The primary attraction in Kars, however, lies on a windswept plateau 42 kilometers to the east:  the magnificent tenth-century ruins at Ani that stand just across the Arpaçay Gorge from Armenia.  Once the seat of the Armenian Bagratuni Empire, Ani was known as the “City of a Hundred Gates and a Thousand Churches” and, in its heyday, was said to have rivaled Constantinople, Damascus, and Baghdad in splendor.  Mongol incursions, a devastating fourteenth-century earthquake, and Tamerlane led to the eventual decline and abandonment of Ani, yet from the ruins still extant today, one can easily imagine the city as a cosmopolitan hub of trade, culture, and power.

The city walls themselves form an impressive barricade; on entering through the one remaining gate, the scope and onetime grandeur of the place becomes readily apparent.  Particularly interesting among the surviving structures is the Church of Saint Gregory, built in 1215 and the best preserved among Ani’s churches, filled with murals depicting scenes from the life of Gregory the Illuminator (Apostle to the Armenians).  The late-tenth-century Ani Cathedral is the largest church building still standing in Turkey, while the eleventh-century Menüçer Camii is the first mosque built in the region by the Seljuk Turks.  Also of note are the Kızlar Sarayı, “Girls’ Palace” or convent and the remains of a bridge that once marked the entry of the Silk Road into Turkey.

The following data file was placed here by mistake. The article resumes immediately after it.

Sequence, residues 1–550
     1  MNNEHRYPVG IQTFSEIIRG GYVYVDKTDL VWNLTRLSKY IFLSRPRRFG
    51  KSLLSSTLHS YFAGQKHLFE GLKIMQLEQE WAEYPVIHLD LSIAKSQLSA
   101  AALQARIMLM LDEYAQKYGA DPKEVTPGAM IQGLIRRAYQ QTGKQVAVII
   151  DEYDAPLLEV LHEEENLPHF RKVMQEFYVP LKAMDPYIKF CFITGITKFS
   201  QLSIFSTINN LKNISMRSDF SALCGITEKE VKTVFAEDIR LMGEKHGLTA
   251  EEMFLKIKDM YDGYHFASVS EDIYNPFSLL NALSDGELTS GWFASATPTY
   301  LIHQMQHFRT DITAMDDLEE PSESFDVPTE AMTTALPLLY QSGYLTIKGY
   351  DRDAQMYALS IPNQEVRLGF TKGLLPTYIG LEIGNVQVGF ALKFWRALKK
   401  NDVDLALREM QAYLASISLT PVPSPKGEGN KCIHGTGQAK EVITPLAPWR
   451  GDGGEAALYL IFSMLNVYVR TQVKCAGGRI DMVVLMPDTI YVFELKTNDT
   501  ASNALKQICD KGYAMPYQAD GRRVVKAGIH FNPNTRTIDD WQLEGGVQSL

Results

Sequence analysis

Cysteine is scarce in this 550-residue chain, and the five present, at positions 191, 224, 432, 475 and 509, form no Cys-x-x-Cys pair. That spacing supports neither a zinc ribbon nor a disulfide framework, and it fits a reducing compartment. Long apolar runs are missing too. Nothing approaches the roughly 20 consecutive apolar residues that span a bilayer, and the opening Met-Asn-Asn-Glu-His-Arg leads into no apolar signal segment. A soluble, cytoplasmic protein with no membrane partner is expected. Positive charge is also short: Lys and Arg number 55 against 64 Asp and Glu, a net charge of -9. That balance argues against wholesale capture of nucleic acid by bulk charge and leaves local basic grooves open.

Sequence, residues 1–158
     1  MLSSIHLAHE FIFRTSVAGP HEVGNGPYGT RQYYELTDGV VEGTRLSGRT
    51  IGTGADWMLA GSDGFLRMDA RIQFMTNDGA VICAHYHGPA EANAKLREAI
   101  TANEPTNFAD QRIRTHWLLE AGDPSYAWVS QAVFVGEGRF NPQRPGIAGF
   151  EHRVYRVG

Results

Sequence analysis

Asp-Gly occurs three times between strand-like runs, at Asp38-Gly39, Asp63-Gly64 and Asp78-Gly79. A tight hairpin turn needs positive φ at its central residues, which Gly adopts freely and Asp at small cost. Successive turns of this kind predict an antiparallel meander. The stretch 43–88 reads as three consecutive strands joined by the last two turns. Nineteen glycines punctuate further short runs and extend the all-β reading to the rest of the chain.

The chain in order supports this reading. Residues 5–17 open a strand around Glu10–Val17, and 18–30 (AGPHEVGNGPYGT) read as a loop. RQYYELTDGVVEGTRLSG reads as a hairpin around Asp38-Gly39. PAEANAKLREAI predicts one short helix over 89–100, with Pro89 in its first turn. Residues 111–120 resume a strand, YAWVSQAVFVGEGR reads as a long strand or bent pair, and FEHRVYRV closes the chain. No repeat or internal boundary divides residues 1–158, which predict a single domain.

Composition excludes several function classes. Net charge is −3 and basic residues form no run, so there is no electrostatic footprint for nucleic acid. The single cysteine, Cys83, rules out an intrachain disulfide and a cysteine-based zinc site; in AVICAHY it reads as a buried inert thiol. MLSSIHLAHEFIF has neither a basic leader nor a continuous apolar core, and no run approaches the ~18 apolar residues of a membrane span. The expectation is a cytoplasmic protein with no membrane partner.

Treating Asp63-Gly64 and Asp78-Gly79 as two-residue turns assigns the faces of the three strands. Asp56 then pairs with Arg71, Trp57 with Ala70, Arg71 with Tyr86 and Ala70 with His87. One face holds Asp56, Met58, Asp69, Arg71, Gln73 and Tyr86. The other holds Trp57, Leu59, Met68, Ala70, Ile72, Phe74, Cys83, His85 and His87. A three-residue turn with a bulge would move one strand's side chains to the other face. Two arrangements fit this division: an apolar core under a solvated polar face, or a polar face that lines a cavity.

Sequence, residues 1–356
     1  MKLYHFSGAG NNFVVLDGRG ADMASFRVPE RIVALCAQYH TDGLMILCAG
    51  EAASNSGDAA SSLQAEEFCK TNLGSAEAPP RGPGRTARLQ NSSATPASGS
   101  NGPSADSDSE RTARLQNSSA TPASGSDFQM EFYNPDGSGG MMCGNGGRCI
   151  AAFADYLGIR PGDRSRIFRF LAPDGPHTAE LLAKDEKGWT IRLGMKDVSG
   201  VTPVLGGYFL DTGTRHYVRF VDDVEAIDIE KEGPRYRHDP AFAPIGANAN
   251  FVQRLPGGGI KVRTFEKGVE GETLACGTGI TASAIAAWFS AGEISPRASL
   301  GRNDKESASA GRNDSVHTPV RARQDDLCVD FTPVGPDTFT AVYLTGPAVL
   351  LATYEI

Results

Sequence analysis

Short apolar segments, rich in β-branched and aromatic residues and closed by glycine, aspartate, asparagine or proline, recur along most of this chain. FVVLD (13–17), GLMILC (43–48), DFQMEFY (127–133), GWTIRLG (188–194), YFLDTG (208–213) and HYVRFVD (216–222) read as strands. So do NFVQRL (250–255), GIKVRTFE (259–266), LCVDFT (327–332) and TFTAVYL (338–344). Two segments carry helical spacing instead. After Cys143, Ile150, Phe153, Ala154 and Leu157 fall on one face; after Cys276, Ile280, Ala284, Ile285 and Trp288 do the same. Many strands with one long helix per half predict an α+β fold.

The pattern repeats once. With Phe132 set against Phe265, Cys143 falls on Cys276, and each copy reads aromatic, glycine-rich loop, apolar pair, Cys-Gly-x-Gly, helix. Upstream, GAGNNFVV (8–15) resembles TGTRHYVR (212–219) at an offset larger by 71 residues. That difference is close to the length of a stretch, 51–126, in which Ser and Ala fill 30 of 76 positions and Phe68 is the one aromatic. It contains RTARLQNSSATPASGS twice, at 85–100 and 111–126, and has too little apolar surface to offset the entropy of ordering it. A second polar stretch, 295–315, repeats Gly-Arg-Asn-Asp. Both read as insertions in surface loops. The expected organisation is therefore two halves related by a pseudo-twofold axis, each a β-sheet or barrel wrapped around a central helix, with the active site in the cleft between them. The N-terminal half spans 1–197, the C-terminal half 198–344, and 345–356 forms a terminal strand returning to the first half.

Situated in the midst of an extensive plateau at an altitude of 1750 meters, Kars boasts a long and complex history.  The entire region belonged to Kingdom of Urartu from 1000 to 600 BCE.  Invaded by the Scythians in 665 BCE, Kars became a part of the Pontus Kingdom at one period, subsequently coming under the rule of the Roman Empire.  It passed into Sassanid hands in the fifth century CE, after which the Byzantines ruled.  In 1068, Kars was captured by Sultan Alparslan of the Seljuk Turks and subsequently became part of the Sallukoğulları Emirate.  In the sixteenth century, Kars and its surroundings became part of Ottoman territory.  Today the city presents an eclectic mix of Turkish, Armenian, and Russian architecture, as the city and surrounding province were formally part of Russia between 1878 and 1917.

The Kars citadel looks down over the town from a centrally located hilltop, originally built in 1153 by the Saltuk Turks, then destroyed by Tamerlane, rebuilt by the Ottomans in 1579, destroyed again in 1855, and again rebuilt.  Down the hill from the citadel is the Armenian Church of the Apostles, originally built in the early tenth century by the Armenian Bagratids; particularly notable are the lovely carvings of the twelve apostles on the outside of the dome that gave the church its name.

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